That’s good advice especially with your example with Janet Jackson. Japan is huge and Janet Jackson is even bigger. Were you able to circle back with her team?
No, it was a one-time thing. I was grateful to even be considered to do something like that especially with a legend like Janet Jackson. But it showed me that people like me enough to think of me, to call me, but then people think that I’m that good to where I can sing for somebody like her. I know those kinds of calls will come back around. I’m not worried but that was really dope.

Do you remember your first audition?
My first audition was with John Legend. I was so young. I used to audition all the time but John Legend was my first audition, and I remember auditioning for Jazmine Sullivan. After the audition, I had a show of my own and I had to leave that audition and go to the venue. Jazmine was sitting in my soundcheck. I was so nervous at the audition because you look up to these people and you listen to these people on the radio so for them to say sing a song for me it just adds a whole bunch of nerves. I was super nervous, but when I got to where I had to sing, I’m singing like it’s just me in my house in the living room or shower and Jazmine was sitting in on my soundcheck. When I finished she was so mad at me, like, “Why didn’t you sing like that earlier?” I’m like, “Because you are you!” (Laughs) I didn’t get called to actually work with them in that capacity but down the line, I was still able to work with John Legend. I just recently did the iHeartRadio Awards with him. When the movie Selma came out, I did all of his New York promo stuff so it eventually worked out. I didn’t tour with him, but we did get to work together and now me and Jazmine are cool.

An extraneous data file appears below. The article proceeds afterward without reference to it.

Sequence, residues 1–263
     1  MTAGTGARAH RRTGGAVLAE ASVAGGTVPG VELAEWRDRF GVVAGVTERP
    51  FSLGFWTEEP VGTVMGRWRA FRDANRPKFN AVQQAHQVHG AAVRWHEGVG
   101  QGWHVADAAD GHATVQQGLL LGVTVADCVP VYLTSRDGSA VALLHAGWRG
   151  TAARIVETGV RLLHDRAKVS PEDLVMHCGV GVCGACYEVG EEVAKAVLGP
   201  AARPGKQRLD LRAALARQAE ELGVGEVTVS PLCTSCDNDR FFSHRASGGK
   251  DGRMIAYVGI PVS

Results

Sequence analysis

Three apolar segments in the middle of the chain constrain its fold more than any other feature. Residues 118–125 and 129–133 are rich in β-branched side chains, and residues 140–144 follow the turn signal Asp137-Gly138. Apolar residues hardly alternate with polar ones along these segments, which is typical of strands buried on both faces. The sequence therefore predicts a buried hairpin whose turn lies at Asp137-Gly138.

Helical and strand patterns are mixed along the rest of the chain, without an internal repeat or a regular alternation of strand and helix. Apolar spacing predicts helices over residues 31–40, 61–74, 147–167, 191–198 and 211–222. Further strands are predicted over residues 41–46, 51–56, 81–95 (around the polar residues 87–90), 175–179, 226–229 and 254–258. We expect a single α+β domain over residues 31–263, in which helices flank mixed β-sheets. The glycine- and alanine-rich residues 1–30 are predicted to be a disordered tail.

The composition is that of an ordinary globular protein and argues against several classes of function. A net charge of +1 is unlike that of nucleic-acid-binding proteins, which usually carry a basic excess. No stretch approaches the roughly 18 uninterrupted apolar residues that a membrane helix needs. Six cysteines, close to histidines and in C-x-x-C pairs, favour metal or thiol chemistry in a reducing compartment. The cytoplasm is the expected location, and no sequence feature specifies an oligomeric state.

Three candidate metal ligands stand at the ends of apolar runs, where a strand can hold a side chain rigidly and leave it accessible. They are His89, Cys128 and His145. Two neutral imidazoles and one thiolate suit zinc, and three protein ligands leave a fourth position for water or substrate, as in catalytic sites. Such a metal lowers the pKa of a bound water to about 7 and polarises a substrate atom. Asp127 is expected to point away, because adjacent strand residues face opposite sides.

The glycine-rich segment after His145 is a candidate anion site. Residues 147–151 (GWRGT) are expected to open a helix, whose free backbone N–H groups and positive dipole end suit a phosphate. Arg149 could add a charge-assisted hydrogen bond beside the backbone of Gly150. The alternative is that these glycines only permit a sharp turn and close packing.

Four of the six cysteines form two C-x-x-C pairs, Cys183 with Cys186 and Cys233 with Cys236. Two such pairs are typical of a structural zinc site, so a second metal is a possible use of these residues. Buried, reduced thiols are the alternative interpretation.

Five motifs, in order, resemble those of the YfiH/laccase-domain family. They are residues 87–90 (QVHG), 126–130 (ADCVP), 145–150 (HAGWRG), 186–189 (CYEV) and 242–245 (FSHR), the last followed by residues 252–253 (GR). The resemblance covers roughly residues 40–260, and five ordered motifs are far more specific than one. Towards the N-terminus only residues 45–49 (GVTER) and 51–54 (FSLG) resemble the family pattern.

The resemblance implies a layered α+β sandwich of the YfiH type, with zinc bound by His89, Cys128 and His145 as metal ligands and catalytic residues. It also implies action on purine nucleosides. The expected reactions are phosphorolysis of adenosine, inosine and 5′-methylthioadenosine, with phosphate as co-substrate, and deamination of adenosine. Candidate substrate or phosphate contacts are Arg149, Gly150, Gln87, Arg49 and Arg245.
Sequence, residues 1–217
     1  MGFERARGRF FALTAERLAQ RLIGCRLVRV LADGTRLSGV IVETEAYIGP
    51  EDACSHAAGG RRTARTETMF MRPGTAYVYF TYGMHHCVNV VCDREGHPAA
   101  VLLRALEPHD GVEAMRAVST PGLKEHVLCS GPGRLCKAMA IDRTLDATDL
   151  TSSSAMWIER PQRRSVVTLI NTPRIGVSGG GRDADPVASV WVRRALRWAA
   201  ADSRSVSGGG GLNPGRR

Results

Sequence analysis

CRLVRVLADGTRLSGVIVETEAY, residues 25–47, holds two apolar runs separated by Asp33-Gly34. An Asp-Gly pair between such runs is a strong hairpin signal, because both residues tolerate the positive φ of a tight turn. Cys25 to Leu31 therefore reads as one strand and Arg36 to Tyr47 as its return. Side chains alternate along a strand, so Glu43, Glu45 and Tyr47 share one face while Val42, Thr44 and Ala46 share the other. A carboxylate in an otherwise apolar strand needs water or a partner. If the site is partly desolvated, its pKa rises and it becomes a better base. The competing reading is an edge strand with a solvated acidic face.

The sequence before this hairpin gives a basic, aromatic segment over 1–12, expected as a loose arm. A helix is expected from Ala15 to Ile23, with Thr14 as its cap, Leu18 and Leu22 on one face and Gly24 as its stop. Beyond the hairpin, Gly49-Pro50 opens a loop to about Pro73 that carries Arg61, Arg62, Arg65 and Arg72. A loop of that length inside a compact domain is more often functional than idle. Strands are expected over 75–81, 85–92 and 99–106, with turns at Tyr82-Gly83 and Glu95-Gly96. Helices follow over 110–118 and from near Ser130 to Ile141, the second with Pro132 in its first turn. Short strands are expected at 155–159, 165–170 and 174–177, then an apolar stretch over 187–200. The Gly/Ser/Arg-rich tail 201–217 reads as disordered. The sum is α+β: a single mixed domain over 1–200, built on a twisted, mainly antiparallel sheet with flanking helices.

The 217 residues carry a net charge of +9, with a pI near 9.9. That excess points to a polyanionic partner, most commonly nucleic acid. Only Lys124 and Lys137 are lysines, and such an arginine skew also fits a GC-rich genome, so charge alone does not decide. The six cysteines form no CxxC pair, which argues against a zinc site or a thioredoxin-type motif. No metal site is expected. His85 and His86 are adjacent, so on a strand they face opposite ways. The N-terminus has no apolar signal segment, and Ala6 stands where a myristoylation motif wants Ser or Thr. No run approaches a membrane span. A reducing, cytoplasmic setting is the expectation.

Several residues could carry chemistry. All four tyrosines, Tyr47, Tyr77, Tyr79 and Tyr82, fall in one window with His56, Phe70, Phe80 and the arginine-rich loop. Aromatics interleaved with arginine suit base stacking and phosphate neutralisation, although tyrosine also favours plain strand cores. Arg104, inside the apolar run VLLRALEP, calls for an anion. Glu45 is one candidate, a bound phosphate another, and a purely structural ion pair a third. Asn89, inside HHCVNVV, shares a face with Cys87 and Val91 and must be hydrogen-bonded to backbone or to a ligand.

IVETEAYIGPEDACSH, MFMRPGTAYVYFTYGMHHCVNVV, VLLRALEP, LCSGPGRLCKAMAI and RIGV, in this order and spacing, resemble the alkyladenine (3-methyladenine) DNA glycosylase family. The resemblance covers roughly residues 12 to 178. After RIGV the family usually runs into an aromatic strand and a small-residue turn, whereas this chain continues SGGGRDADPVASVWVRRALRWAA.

Throughout those processes, how do you get over the nerves? Is it the more you do the less nervous you become?
Well, I would say that over the years I’ve definitely come into my own. I’ve come into who I’m supposed to be if that makes sense. I’m not as nervous anymore. I’m kind of ridiculous with things as it pertains to just doing stuff and not thinking about it. My friends call me crazy because I used to be super shy and now it’s just like it is what it is. This is what I’m doing and that’s it. But I haven’t had to audition for anything since then, so I’m not sure if I can answer that. I don’t get nervous now. If it’s my own show, trying to win over an audience especially somewhere where no one knows who you are, that’s nerve-wracking but you do what you do and if they like it they like it, and if they don’t they don’t. But it is what it is.